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Galbraith, John S. 1916-2003

GALBRAITH, John S. 1916-2003

OBITUARY NOTICE—See index for CA sketch: Born November 10, 1916, in Glasgow, Scotland; died of complications from pneumonia June 10, 2003, in San Diego, CA. Educator, administrator, and author. Galbraith was a history professor and authority on nineteenth-century Britain who helped organize the University of California at San Diego into a model institution emulating Oxford University. He was a graduate of Ohio's Miami University, where he earned a B.S. in 1938, and of the University of Iowa, where he earned his master's degree and completed his Ph.D. in 1943. He then served in the U.S. Army Air Forces for three years as an historian before beginning his academic career. From 1947 to 1948 he was an assistant professor at Ohio University; he then began his long association with the University of California at Los Angeles, where he was a history professor from 1948 to 1964 and again from 1968 to 1984. The mid-1960s were spent at the University of California at San Diego (UCSD), where he was vice chancellor and later chancellor. At UCSD he is credited with supervising the creation and construction of the Geisel Library, which opened in 1970 and gave the university's new humanities faculty an invaluable resource. It was Galbraith, too, who recruited professors to teach the university's new undergraduate courses, and it was his ideas that are largely responsible for organizing UCSD into a college system similar to that at Oxford University. Galbraith left UCSD for a fellowship at Cambridge University, where he indulged his passion for English history. When he returned to the United States, he picked up his professorship at UCLA, but he went back to UCSD in 1984, teaching there until his retirement in 1993. In addition to his teaching and administrative work, Galbraith was the author of six books, including the influential history texts The Hudson's Bay Company as an Imperial Factor (1957) and Reluctant Empire (1963).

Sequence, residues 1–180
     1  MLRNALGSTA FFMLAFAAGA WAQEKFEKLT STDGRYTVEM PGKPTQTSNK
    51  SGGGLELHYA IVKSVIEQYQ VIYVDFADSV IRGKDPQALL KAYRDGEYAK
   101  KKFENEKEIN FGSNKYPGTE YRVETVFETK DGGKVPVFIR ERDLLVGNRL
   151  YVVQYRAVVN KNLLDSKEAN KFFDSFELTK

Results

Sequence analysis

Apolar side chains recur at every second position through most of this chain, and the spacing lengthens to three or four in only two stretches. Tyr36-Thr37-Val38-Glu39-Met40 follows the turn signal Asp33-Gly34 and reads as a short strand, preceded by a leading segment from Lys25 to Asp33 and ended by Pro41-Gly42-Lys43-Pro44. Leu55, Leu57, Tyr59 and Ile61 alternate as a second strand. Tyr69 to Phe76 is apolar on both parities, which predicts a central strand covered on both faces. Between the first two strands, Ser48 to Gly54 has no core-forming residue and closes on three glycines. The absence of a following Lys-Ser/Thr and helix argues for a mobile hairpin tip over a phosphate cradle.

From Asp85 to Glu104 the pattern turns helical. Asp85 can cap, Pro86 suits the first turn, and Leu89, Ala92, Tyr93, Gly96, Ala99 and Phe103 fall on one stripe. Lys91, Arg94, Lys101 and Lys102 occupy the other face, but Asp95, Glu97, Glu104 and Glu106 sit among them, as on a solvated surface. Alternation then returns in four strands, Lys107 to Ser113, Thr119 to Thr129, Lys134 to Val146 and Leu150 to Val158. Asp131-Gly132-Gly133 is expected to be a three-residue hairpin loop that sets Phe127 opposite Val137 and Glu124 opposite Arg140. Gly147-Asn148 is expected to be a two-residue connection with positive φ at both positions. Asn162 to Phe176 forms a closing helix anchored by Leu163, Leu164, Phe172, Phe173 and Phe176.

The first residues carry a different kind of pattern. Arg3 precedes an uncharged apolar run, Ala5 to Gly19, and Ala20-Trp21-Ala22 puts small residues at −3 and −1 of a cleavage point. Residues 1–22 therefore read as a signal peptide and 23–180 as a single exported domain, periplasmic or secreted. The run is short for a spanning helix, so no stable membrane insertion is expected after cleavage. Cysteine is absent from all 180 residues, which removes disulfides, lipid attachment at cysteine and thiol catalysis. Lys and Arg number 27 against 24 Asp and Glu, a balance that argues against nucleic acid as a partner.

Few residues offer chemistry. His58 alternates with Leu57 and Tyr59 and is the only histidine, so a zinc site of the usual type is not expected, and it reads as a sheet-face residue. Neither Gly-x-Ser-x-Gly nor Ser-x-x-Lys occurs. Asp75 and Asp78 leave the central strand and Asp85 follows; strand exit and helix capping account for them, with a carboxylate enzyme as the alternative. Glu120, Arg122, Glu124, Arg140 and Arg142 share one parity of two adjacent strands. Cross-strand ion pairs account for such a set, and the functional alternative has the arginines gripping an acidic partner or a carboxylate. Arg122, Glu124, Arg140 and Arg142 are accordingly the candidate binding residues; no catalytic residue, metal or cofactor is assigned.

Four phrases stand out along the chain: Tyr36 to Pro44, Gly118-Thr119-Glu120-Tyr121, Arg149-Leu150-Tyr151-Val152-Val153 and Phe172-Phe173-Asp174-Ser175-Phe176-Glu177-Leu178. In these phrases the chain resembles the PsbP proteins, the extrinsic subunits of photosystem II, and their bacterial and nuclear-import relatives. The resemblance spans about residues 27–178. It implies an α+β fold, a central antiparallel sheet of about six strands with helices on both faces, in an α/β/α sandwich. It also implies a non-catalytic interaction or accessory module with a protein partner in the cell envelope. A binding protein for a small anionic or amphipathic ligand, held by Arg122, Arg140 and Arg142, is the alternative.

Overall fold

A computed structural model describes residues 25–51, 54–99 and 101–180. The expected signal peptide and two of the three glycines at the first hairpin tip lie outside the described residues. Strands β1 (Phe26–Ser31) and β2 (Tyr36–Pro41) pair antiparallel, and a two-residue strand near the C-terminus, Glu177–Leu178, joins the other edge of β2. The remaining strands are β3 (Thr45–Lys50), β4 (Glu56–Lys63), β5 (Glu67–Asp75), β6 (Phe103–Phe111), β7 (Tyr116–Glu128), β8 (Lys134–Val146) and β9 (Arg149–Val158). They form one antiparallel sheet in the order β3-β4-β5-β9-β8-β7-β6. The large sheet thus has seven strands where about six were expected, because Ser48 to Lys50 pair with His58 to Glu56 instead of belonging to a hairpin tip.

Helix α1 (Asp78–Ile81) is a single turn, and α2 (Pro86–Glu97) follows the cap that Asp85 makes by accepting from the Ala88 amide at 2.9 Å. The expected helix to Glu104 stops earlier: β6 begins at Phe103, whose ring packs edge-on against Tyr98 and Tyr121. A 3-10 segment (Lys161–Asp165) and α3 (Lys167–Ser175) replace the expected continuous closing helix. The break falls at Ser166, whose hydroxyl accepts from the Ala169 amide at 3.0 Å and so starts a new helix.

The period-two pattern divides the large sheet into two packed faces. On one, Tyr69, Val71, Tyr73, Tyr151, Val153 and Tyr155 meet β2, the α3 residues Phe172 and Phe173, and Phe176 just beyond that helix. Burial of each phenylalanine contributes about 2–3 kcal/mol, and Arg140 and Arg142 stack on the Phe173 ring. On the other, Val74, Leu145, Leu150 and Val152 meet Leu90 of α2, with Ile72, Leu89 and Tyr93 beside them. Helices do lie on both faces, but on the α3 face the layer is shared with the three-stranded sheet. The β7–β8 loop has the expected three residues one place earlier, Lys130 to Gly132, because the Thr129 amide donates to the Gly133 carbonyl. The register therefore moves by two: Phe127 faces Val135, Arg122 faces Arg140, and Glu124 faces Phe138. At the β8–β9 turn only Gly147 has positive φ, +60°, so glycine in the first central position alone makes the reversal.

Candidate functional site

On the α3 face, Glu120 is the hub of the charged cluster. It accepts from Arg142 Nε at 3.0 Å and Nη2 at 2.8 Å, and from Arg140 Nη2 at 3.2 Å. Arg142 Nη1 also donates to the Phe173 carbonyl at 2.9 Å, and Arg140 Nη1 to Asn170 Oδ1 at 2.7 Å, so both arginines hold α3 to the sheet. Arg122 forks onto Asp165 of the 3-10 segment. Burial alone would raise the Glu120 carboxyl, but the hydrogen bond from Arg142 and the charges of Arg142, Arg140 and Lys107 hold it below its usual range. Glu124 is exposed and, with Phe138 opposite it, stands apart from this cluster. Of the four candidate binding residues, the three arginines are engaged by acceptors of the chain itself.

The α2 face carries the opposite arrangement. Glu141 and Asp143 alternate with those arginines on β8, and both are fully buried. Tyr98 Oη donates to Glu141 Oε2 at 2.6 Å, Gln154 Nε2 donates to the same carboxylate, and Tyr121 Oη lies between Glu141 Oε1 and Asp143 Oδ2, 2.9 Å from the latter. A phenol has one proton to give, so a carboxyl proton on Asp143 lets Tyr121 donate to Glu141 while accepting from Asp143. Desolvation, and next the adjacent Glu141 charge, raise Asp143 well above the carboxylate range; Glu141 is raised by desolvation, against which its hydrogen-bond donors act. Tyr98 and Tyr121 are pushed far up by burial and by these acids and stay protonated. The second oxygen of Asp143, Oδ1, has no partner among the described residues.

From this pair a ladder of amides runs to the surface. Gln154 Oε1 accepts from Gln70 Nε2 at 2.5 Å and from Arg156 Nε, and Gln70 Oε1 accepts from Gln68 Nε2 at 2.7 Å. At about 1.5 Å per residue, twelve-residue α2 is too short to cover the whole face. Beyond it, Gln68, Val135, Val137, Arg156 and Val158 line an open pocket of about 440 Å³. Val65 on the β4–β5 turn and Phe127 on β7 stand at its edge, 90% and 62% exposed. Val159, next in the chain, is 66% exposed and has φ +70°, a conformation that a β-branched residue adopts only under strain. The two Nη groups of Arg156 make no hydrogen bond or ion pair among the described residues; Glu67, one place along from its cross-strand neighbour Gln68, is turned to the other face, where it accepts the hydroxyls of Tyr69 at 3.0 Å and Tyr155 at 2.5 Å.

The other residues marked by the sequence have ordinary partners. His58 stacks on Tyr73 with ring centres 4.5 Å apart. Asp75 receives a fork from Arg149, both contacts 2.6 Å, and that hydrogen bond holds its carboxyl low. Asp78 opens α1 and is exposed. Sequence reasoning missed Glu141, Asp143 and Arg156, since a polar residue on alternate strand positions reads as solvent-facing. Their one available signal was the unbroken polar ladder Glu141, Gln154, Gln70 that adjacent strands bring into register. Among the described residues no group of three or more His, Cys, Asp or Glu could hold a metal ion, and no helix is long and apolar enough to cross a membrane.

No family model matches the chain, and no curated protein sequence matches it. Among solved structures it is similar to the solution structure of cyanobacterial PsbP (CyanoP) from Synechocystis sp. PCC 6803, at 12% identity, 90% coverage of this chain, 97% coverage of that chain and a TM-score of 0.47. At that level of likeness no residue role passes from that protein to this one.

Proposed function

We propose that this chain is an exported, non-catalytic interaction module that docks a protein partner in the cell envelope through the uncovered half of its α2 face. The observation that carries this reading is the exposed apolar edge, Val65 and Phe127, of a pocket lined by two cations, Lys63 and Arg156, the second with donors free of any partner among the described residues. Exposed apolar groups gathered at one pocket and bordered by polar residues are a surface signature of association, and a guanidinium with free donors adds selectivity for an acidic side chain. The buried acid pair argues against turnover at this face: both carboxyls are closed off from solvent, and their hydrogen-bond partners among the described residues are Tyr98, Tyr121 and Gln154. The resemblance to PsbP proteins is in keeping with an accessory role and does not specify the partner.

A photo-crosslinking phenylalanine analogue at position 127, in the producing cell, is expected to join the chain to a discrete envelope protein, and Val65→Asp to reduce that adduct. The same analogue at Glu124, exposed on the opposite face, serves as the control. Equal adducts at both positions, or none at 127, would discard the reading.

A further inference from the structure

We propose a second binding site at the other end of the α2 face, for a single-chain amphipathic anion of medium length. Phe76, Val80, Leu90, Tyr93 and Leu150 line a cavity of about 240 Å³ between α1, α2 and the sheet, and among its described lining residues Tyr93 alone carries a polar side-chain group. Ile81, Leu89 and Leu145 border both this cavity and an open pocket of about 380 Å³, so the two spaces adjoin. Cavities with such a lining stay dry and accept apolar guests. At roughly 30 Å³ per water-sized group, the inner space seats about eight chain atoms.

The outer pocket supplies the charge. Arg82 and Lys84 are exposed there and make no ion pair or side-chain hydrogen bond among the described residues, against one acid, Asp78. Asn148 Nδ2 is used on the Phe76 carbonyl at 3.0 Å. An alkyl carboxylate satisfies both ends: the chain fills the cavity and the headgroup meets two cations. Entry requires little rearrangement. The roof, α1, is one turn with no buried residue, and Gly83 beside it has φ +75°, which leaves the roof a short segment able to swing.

Los Angeles Times, June 12, 2003, p. B14.

New York Times, June 14, 2003, p. A28.

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